Skip to comments.Cooks' Crew Hid First Antarctica Painting
Posted on 07/08/2004 11:41:34 AM PDT by blam
Cook's crew hid first Antarctica painting
Thursday, 8 July 2004
Captain James Cook's artist William Hodges didn't much care for icebergs, so painted over the image (Image: National Maritime Museum, London, Ministry of Defence Art Collection)
One of Captain James Cook's official artists painted the first image of Antarctica, new x-ray analysis shows.
But the painting had remained hidden for more than two centuries, as the artist had painted the landscape of a New Zealand bay over it.
A depiction of the Antarctic icebergs in a rough sea, and the painting that obscured it, "A View in Pickersgill Harbour, Dusky Bay, New Zealand", are now on display at the UK's National Maritime Museum in Greenwich.
The icebergs painting is displayed only as a photograph to avoid destroying the over-painted scene of the tropical rainforest at Pickersgill Harbour.
William Hodges joined Cook as the official landscape artist on his second voyage aboard the Resolution in 1772.
His painting of Antarctica was the first eyewitness view of the southern continent ever captured, the museum said.
Artists often re-used canvases on long voyages. And Hodges, who until now was almost forgotten, probably painted over the original image as the untouched paradise of Dusky Bay appealed more to the artist's aesthetic temperament.
Hodges was a classically trained pupil of Richard Wilson, known as the father of English landscape, and was influenced by the ideal landscapes of French 17th century painters such as Claude Lorraine.
So, Hodges was not likely to have been naturally drawn to the terrors of the polar seas.
Hodges painted "A View in Pickersgill Harbour, Dusky Bay, New Zealand" over the Antarctic icebergs (Image: National Maritime Museum, London, Ministry of Defence Art Collection)
Instead, he painted the dense, cool temperate rainforest, showing its ferns, creepers and giant trees.
Hodge's works have not been shown to the public since 1795. At that time, his solo exhibition was considered dangerously radical during what was a period of war with revolutionary France, so the exhibition was shut down.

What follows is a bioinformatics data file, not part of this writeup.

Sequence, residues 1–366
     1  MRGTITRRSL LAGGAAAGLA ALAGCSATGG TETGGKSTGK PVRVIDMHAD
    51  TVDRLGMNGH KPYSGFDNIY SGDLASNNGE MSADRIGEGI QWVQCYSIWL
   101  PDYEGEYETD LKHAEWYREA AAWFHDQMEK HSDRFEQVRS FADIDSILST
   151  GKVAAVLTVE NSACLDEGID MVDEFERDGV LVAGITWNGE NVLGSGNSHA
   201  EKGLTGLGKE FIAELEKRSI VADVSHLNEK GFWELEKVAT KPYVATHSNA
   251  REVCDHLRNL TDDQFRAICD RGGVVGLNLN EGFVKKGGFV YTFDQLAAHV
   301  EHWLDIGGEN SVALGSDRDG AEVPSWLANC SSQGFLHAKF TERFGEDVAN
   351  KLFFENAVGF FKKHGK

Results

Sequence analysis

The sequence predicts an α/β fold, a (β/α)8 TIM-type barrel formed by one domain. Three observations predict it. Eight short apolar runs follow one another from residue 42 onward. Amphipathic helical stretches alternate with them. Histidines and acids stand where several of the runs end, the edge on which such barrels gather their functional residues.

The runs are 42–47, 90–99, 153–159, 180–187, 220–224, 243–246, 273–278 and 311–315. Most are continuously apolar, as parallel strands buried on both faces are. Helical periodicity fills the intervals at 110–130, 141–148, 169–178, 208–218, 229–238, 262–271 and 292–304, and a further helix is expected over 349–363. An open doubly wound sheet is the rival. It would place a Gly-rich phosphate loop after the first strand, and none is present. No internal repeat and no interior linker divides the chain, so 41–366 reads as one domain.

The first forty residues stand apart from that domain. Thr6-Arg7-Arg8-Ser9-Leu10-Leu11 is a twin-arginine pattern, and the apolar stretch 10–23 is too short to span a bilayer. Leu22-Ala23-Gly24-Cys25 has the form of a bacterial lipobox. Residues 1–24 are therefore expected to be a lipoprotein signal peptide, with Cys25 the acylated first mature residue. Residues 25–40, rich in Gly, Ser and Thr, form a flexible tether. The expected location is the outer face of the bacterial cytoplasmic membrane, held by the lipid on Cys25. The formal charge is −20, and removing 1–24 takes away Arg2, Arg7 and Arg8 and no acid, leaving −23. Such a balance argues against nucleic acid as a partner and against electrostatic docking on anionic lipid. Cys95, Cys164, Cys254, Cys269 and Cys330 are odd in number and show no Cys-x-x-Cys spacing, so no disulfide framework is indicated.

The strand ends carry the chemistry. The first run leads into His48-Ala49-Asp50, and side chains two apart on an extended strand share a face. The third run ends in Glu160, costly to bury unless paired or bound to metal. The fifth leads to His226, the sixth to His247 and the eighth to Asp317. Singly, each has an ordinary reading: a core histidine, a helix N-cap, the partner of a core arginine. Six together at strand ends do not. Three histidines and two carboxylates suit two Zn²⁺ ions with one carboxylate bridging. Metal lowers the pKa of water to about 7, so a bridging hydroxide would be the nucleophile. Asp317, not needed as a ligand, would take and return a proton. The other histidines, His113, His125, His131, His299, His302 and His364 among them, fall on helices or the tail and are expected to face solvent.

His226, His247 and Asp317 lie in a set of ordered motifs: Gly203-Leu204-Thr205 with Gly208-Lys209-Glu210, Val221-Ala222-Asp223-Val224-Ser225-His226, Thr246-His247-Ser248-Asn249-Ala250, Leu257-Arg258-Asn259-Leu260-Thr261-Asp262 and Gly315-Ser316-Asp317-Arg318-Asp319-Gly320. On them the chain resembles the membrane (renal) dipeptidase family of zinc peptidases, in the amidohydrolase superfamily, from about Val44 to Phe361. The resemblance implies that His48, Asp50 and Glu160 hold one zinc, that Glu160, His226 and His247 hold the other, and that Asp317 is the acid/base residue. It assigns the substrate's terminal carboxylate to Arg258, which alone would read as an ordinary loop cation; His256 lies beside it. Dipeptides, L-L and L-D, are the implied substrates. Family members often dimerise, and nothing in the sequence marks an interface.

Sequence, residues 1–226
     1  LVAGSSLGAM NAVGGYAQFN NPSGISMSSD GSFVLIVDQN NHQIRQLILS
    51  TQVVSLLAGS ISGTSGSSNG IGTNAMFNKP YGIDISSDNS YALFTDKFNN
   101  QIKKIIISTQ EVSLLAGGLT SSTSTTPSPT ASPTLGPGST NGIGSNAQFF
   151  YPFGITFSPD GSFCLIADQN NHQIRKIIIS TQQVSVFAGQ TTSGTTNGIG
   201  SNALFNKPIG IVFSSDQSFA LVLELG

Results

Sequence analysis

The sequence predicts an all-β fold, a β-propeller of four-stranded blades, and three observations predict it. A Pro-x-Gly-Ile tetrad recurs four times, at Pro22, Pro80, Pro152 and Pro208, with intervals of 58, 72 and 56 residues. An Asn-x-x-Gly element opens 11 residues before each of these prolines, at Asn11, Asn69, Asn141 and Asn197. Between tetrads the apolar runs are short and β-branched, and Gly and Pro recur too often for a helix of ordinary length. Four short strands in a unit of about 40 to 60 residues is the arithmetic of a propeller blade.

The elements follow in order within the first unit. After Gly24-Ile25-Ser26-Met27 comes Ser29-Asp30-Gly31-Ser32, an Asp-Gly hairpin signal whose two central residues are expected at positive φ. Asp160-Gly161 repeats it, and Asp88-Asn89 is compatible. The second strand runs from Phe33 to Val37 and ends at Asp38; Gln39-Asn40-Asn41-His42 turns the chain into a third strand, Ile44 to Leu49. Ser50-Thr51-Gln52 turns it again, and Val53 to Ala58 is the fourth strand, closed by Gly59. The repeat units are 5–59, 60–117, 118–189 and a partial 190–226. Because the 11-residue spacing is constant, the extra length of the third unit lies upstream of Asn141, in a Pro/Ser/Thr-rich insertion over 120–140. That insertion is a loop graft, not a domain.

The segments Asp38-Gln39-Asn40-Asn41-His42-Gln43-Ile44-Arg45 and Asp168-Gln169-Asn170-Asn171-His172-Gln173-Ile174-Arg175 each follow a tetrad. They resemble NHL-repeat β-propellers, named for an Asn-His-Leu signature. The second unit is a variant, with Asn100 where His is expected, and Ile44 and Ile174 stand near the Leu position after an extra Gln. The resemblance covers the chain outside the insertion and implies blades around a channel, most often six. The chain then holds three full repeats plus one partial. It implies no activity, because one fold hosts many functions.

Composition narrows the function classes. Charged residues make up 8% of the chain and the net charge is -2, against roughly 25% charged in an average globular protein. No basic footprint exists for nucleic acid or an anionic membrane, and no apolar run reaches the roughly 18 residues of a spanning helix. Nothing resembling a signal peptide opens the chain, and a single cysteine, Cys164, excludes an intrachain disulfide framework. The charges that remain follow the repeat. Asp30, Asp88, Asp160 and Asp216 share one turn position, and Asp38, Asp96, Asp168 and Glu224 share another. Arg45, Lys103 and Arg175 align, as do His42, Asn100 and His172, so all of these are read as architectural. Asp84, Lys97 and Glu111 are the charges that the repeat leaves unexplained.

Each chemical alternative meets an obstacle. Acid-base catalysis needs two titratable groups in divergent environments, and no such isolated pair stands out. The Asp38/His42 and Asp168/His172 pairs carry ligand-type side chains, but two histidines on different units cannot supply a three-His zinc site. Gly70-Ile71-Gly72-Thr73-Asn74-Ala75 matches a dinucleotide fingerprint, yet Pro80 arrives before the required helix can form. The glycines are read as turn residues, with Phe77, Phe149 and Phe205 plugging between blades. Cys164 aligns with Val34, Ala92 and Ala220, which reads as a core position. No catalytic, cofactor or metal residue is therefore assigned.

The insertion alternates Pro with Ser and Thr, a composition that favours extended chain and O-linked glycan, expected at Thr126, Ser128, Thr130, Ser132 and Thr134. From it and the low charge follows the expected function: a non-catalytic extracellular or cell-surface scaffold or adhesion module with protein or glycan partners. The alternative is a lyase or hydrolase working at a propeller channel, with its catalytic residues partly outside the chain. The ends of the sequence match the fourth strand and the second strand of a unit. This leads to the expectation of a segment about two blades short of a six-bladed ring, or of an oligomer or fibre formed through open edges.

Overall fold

Hodges was the first professional painter to see both the Antarctic and Pacific Oceans, but was forgotten soon after his death in 1797.
Author of the book Captain Cook's World, John Robson, said it was always interesting when something new about Cook arose.
"However, the likelihood with Hodges painting is that it is of icebergs rather than the Antarctic continent. Cook and his ships crossed the Antarctic Circle but did not actually see the continent itself. It would be great if the painting proves otherwise."
If it weren't for the accompanying photograph I would have speculated that the underlying painting was of a polar bear in a snowstorm done entirely in white gesso.
But the painting had remained hidden for more than two centuries, as the artist had painted the landscape of a New Zealand bay over it. "
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Sorry, can't answer your questions.
Very common to paint over paintings, to erase lettering and rewrite. Looking underneath is getting common, and sometimes they find something interesting. There is a word for parchments so treated--palimpsest. Or something like that.
Australian shipwreck could pre-date Captain CookTeam leader Greg Jeffreys says a row of four cannons suggests the ship was a European military exploration vessel from the 17th century. "The cannon definitely are not English cannon. We know the style of most of the English cannon, so we are looking at a European ship - probably 1650s around that era," he said... Jeffreys says as the ship is excavated other finds such as dinner plates, glasses, weapons or money could provide more accurate evidence of its origin. Captain Cook is credited with being the first European explorer to find and chart Australia's east coast in 1770.
Monday 7th October 2002
Just updating the GGG info, not sending a general distribution.
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